• Transform magazine
  • December 12, 2019


Hashtag new filter

  • Instagram logo.jpg
  • Old insta.jpg

Photography is an integral part of social media platforms, with pictures of events and occasions being shared on Facebook almost since its inception.

Although sharing photographs used to be a secondary function of the site, pictures have become a main method of communication for some users. In line with demand, Instagram, launched in 2010 as a mobile app, was created to equip users with the ability to take, edit and share photos of a quality previously achievable only with a high-resolution DLR camera.

Developed by Kevin Systrom and Mike Krieger, Instagram allows users to share photos either publicly or privately, apply filters to enhance the image aesthetics, and upload 15 second videos.

During its first few years, a characteristic feature of Instagram was allowing users to only take pictures in a square shape, in a design quirk developed to reflect a historic Polaroid camera. The name itself is a portmanteau of ‘instant camera’ and ‘telegram’.

Following in this vein, the brown and cream app icon used since 2010 was a version of a Polaroid camera. Today, however, Instagram has rolled out a new brand icon design, implemented by an in-house team, in a bid to reflect the multitude of new ways the site is being used.

In a move which aims to retain the current associations of Instagram but lend the brand more character, its well-loved rendered camera has been simplified down, resembling a glyph more than its iconic Polaroid design. Using a yellow to purple gradient as its main colour scheme, its ‘family of icons’ including functions such as Boomerang will also adopt the new design.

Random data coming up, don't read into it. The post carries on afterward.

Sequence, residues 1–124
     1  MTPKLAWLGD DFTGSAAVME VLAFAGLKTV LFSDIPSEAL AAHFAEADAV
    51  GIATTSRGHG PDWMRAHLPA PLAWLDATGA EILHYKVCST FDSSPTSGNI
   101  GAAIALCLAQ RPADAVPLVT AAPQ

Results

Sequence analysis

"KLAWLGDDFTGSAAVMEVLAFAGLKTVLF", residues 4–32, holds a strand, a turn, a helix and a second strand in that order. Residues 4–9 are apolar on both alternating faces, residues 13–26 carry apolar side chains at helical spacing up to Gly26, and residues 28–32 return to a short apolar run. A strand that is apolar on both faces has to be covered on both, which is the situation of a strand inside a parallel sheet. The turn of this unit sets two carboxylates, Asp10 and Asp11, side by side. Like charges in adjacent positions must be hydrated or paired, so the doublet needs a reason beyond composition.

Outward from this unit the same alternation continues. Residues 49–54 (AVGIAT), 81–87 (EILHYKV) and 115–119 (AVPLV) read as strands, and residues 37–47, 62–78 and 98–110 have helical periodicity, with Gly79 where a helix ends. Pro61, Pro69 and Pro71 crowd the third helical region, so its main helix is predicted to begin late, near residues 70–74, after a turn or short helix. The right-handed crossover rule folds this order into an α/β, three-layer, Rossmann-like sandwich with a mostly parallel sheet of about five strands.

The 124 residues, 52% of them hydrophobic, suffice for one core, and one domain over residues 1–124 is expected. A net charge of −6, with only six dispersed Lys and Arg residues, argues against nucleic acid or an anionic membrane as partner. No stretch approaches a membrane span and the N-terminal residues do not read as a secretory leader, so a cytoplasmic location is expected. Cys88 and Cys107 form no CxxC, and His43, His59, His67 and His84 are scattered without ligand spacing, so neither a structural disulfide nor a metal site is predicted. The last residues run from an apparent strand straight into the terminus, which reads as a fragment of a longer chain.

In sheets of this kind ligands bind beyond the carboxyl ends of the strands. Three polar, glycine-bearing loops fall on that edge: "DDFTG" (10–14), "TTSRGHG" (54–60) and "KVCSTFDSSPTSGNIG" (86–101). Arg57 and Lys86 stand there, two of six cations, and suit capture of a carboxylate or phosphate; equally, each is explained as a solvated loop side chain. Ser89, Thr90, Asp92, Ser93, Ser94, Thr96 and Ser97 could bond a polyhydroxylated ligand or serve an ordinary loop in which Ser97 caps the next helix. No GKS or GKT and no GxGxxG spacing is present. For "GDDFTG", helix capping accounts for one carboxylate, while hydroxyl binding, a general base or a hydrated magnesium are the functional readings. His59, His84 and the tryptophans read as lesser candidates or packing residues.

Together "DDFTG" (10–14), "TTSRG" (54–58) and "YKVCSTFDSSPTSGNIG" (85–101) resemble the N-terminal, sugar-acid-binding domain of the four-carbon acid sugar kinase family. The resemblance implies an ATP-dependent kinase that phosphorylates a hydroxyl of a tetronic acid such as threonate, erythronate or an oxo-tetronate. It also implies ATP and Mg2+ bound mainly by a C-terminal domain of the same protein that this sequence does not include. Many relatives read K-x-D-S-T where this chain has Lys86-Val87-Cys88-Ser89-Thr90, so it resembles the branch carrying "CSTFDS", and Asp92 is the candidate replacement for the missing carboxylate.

In a blog post, Instagram says, “The Instagram community has evolved over the past five years from a place to share filtered photos to so much more — a global community of interests sharing more than 80 million photos and videos every day. Our updated look reflects how vibrant and diverse your storytelling has become.”

Instagram has also redesigned the menus and background of its user interface, although it will still work in the same way. Eschewing its characteristic soft blue, the company has implemented a design which puts the user’s photo, and the photos of their followers, at the heart of brand experience.

For some critics, an element of the previous app logo cited as particularly difficult to part with is the intricate light detail on the camera lens design.

While there is no doubt the new iteration lends itself well to an age of increasingly high-resolution smart phones and sleek app imagery, nostalgia may play a role in preventing legions of Instagram fans from carefree adoption of the logo.

Yet, with so many users on the app daily, it seems certain that within a few months, the new Instagram brand will be as engrained into consumer consciousness as its previous iteration.